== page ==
Three simple words changed the course of my day today from one that could have been a "I am going to go crazy" to a "I can do this. I am a good mother" kind of day.
No, they weren't the precious words of "I love you" coming out of the mouth of my 3-year-old or my 15-month-old (that one would've been shocking since he barely says mama), but it was the words, "Good job mama."
This complementary phrase, again, didn't come from my 3-year-old; although it could have, because lately he has randomly been telling me I'm a great mom and thanks me for doing everything...he must be up to something, or perhaps he's mimicking an episode of Caillou. However, it came from a random lady at Trader Joes today.
Yes, here I was at Trader Joes again with both boys in tow. What was I thinking, right? I did it again, I tempted fate. And this time, it wasn't looking so good.
I foolishly promised Evan that he could help mommy grocery shop with one of the little kids carts. He thought that this was a fantastic idea. Once we got to the store, I secretly hoped that all of them would be gone and I'd have to put him in the cart with Oliver--no such luck.
So my harrowing experience at Trader Joes began with Evan by my side pushing his very own cart, and subsequently, wanting to put EVERYTHING in it.
With my list in hand we began in the produce section which turned into the beginning of the big mistake of opening my mouth and telling Evan he could have that cart. Every time I put something in his cart, he would race around and turn back to me smiling and say, "Mommy, I'm going on my branch line, see ya later!" The kid is obsessed with trains and especially Thomas. Everything has to do with "coupling" and "uncoupling" and "bishing" and "bashing..." train terminology for pushing train cars and hooking and un-hooking them.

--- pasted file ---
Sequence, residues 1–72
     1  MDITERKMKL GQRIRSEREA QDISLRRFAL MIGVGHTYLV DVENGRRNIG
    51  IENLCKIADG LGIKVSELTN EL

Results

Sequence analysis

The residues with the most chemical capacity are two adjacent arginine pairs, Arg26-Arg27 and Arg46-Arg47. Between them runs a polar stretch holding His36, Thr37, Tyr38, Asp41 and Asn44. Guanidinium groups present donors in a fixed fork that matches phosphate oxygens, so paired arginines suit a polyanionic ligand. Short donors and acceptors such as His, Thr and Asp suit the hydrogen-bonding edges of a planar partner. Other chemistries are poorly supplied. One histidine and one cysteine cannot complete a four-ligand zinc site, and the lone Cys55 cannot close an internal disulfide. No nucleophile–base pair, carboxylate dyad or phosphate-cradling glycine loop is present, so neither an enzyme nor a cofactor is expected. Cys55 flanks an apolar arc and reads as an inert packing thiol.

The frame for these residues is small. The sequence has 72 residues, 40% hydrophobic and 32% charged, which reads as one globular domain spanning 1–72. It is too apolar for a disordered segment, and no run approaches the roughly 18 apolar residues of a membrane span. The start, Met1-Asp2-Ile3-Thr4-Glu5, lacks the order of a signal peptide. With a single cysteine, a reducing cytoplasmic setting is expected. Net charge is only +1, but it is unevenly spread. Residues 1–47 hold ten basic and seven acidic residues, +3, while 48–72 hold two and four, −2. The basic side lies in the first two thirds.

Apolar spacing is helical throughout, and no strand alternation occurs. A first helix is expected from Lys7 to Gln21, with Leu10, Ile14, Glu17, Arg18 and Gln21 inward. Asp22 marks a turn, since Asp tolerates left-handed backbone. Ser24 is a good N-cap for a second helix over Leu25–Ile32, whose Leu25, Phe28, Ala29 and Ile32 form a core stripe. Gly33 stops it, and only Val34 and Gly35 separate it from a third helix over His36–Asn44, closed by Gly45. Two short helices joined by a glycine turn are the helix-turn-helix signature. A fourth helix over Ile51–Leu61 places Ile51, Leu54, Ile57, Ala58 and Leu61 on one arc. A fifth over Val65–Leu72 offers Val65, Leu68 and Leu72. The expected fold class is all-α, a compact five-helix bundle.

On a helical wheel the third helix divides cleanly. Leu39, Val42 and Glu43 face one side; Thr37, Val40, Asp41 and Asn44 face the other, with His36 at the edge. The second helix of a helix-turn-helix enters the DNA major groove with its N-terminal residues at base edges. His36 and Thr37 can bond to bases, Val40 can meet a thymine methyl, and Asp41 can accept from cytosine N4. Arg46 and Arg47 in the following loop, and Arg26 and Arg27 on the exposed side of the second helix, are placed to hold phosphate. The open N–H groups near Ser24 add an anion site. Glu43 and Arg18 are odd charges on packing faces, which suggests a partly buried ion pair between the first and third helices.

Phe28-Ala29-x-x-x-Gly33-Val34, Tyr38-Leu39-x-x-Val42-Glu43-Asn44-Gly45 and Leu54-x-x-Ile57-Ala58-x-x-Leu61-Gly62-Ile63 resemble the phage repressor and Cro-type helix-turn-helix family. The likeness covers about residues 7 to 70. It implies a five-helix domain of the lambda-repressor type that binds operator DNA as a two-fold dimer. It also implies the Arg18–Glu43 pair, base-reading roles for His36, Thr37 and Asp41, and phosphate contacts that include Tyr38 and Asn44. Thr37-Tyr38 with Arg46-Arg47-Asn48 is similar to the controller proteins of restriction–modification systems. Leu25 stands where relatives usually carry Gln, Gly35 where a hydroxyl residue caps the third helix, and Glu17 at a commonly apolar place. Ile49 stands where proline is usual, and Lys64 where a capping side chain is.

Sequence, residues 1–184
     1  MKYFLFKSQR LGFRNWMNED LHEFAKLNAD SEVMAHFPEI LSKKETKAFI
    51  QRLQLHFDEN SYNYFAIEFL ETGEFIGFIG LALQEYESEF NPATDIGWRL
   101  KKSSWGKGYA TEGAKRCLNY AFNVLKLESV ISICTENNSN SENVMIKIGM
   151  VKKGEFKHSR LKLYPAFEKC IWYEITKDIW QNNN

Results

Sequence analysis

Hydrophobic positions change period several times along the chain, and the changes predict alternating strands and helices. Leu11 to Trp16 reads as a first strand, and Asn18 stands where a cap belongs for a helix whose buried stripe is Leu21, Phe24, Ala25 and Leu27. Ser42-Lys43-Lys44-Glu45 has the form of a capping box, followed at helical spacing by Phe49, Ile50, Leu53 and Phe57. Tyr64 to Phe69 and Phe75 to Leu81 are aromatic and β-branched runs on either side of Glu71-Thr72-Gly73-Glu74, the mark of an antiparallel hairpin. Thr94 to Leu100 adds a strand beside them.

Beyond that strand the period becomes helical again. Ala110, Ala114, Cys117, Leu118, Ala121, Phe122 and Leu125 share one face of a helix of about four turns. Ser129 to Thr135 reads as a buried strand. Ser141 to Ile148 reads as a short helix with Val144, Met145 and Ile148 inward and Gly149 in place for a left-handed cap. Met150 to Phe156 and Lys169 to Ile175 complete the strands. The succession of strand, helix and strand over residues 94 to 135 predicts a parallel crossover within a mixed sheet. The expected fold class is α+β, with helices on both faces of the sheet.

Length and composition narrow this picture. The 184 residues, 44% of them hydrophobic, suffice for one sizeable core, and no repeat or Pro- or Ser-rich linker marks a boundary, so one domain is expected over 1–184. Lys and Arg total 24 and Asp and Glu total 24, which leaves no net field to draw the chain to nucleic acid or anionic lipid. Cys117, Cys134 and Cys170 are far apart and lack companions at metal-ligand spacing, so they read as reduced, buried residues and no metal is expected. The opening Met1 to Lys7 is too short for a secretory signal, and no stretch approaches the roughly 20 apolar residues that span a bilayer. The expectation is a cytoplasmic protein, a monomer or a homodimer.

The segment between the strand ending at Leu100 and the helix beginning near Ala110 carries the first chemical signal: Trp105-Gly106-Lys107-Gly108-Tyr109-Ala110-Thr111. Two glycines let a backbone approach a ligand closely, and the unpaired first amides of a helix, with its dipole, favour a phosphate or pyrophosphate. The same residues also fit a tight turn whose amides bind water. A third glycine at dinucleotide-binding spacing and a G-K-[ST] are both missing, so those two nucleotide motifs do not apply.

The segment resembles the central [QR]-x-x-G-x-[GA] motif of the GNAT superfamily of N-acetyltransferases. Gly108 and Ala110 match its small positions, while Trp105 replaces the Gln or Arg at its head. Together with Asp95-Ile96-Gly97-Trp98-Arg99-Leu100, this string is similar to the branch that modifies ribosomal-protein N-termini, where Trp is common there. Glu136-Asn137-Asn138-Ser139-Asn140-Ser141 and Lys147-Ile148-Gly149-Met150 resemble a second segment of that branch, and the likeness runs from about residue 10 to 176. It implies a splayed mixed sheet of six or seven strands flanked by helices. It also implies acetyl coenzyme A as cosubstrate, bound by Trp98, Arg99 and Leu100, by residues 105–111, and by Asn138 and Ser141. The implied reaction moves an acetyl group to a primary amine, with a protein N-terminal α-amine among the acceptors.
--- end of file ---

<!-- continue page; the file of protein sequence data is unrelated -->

Great, this cart was now a train. Look out patrons of Trader Joes.
As my excited 3-year-old did wheelies throughout the aisles and raced back and forth with his cart full of my produce, might I add, I hurriedly tried to make my way after him while putting what I needed in my cart, and at the same time keeping Oliver from screeching at the top of his lungs. A new sound he's practicing, no less.
Finally, we were at the dairy aisle and were almost done.
As my patience was about to come to its end after Evan cuts off another customer to "couple" his cart to mine, his little voice shouts, "Excuse me, please go ahead," to a lady who was coming our way.
This was the woman who was about to make my entire day. She smiled down at Evan and then looked at me and said, "Good. Job. Mama."
I was taken aback. All the other adults who didn't happen to have a tiny tot with them were giving me dirty looks, but this woman, with no kids attached, stopped and said those three beautiful words. She then went on to say that it was so nice to hear a toddler with such nice manners.
Now, I have to give Evan some credit here. Even though he was racing around like a mad man throughout the store, when he did cut someone off or bump into them, he did apologize and say excuse me.
As I left Trader Joes, and thought about the next feat ahead of me of taking the kids to Whole Foods during lunch time (crazy again, I know), I thought to myself, "I can do anything!"
That confident thought quickly left when I found myself in the bulk aisle of Whole Foods filling up bags with quinoa and wheatberries while Oliver decided to use his Goldfish as confetti instead of eating them.
This time, I couldnt' tell if I was getting dirty looks for my son throwing the crackers, or if they were appalled that I was giving him Goldfish and not some kind of organic cracker. Oh, the shame.
We didn't stay in Whole Foods very long and made our way home for lunch and naps very quickly.
Getting a complement from a complete stranger about your children is about as high as one can get; especially when your life is full of muddles. That lady will never know how much those three simple words meant to this muddled mom.